Dog Day Porridge(伏粥)
Bokjuk (Kor. 복죽, Chin. 伏粥, lit. Dog Day porridge) refers to a red bean porridge cooked and consumed on Sambok (Kor. 삼복, Chin. 三伏, Three Dog Days, three hottest days in the sixth and seventh lunar months). The custom of eating red bean porridge on the three Dog Days is documented in the “Dongguk Sesigi” (Kor. 동국세시기, Chin. 東國歲時記, A Record of Seasonal Customs in Korea, 1849). Although in modern Korea, red bean porridge is usually associated with the winter solstice, traditionally it was one of the three special dishes served on the Dog Days. (The other two dishes were gaejangguk (Kor. 개장국, dog meat soup) and gyesamtang (Kor. 계삼탕, ginseng chicken soup)).
According to the Chinese book, “Hanshu” (Kor. 한서, Chin. 漢書, lit. The Book of Han, CE 1), a Dog Day is characterized by the anticipation of the negative yin energy, i.e. although the day is filled with positive yang energy, negative energy can appear. Thus, evil spirits are active on this day and people should refrain from doing anything meaningful. Eating red bean porridge can repel evil forces and keep people safe.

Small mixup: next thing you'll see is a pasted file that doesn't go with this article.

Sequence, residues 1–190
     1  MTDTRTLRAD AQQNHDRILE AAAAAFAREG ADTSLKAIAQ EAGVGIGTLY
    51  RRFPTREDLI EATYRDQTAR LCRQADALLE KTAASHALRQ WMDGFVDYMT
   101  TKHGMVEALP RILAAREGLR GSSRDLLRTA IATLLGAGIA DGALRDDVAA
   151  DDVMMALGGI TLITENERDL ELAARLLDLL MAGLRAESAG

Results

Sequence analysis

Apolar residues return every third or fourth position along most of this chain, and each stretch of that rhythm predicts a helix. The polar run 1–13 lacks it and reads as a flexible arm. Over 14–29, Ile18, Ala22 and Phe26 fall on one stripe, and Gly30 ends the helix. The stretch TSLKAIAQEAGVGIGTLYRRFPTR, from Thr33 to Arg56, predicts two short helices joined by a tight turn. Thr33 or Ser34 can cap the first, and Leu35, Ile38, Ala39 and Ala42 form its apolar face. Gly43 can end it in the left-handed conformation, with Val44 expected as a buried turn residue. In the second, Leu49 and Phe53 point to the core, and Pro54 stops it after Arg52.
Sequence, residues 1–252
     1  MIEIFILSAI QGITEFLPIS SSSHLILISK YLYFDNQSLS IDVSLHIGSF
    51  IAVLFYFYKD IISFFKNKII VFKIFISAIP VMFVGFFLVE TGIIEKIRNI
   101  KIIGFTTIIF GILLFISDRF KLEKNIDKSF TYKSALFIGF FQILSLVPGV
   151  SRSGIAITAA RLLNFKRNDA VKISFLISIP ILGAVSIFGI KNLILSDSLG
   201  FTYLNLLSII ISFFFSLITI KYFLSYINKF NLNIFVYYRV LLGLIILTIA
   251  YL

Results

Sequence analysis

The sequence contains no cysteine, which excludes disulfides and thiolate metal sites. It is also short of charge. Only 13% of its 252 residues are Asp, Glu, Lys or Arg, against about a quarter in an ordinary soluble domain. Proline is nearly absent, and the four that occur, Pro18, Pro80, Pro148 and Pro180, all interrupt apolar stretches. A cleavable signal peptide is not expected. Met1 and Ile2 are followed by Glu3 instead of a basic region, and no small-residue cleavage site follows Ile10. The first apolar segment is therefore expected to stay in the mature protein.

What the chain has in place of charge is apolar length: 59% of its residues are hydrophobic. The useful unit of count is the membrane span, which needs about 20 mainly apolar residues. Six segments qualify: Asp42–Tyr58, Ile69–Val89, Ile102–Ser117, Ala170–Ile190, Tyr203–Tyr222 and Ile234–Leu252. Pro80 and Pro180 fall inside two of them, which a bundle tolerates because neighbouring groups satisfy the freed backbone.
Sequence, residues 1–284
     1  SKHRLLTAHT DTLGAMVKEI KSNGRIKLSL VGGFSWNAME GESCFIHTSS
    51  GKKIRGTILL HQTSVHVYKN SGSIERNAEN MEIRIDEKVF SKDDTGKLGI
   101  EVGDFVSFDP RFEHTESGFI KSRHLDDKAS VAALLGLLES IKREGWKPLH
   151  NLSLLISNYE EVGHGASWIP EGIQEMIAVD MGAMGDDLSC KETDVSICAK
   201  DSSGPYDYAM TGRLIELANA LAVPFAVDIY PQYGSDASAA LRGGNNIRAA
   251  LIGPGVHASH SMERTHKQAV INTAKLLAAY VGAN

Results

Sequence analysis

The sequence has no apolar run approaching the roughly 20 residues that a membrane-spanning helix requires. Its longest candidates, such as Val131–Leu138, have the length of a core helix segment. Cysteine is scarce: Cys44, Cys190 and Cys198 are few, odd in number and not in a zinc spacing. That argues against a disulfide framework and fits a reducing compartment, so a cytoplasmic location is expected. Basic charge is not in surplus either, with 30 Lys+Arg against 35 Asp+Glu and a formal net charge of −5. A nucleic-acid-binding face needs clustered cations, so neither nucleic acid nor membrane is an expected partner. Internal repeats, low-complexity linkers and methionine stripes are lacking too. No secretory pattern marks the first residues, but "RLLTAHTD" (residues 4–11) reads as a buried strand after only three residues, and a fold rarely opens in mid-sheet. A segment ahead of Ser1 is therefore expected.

In the middle of the 20th century red bean porridge began to disappear from the Dog Days cuisine. This change reflected the belief that food designed for stamina to cope with the summer heat was more important than eating red bean porridge. Accordingly, dog meat soup and ginseng chicken remained popular choices for the three Dog Days, but red bean porridge started to be replaced by chicken porridge.